Leadership

Groups Release Local Government Broadband Resource Guide

By / Dec 22, 2016

Through the National Resource Network, the International City/County Management Association released a resource guide to help local governments increase high-speed internet access.

To help bridge the internet access gap, the International City/County Management Association (ICMA) and the National Resource Network (NRN) developed a guide to help cities address related challenges.

The resource, Access and Inclusion in the Digital Age, is freely available and outlines what local governments can do to improve access to high-speed internet, such as first steps, strategies and models for developing a program, finding funding sources, and working with partners.

“We’re hoping that in creating this ongoing discourse on the issue, local communities will be able to get more support from their elected leadership to address this issue,” said ICMA Director of Survey Research Jelani Newton. “And we hope that generally the issue of broadband access will get greater awareness across the country and really globally as we see that both the economy and education are increasingly moving into web-based platforms and programs. We really want to make sure that folks in urban, rural, and suburban areas all realize the importance of access for everyone in this new digital economy.”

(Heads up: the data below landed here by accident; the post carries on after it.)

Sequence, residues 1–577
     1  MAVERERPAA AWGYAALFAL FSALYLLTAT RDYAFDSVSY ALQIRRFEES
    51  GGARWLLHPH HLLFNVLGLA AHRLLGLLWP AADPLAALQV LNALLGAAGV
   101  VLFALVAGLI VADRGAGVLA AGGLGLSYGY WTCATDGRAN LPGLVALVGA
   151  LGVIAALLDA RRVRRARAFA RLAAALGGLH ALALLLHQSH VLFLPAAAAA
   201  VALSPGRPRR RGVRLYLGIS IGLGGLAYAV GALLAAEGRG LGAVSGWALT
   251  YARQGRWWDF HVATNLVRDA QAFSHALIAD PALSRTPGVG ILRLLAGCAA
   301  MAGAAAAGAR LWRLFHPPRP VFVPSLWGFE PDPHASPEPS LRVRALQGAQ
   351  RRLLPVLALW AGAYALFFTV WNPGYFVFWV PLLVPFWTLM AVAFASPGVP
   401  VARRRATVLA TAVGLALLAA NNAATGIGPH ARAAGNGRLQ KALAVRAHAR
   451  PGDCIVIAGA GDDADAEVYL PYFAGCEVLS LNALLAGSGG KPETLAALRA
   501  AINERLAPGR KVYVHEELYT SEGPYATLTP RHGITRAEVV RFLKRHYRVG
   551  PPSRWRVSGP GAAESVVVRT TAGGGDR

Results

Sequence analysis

Developed as a living document to be regularly updated, the guide is part of NRN’s peer-to-peer learning exchange. The guide’s online format allows users to share their own experiences, interact with other readers, and recommend updates and new resources to be included.

“The resource guide itself is intended to be a document that helps other communities easily find their way to best practices, information, and other resources on addressing the digital divide in their communities,” Newton said. “It’s also intended to be a forum for ongoing communication and collaboration between local governments confronting these issues.”

Six cities that are part of NRN—Chattanooga, Tennessee; Gonzales, California; Greensboro, North Carolina; New Orleans, Louisiana; Springfield, Missouri; and Youngstown, Ohio—collaborated on drawing up the resource. Each city developed a team of two administrative or IT leaders, other city employees, and outside partners to write a chapter of the guide. The National Telecommunications and Information Administration of the U.S. Department of Commerce also helped with development.

According to a 2016 report from the Federal Communications Commission, 10 percent of Americans currently lack access to high-speed internet. In addition, 39 percent of rural Americans lack broadband access compared to only 4 percent of urban populations—a situation that could hinder access to economic and educational opportunities.

“Just as access to highways, ports, airports, and rail were key to economic competitiveness in the last century, access to broadband is critical for cities and their residents in this century,” NRN Executive Director David Eichenthal said in a press release. “In working with cities across the nation, the Network identified broadband access as an area where cities working with each other could share best practices and achieve real results.”

Alex Beall

Alex Beall is an associate editor for Associations Now with a masters in journalism and a penchant for Instagram. More »

Comments

Leave a Comment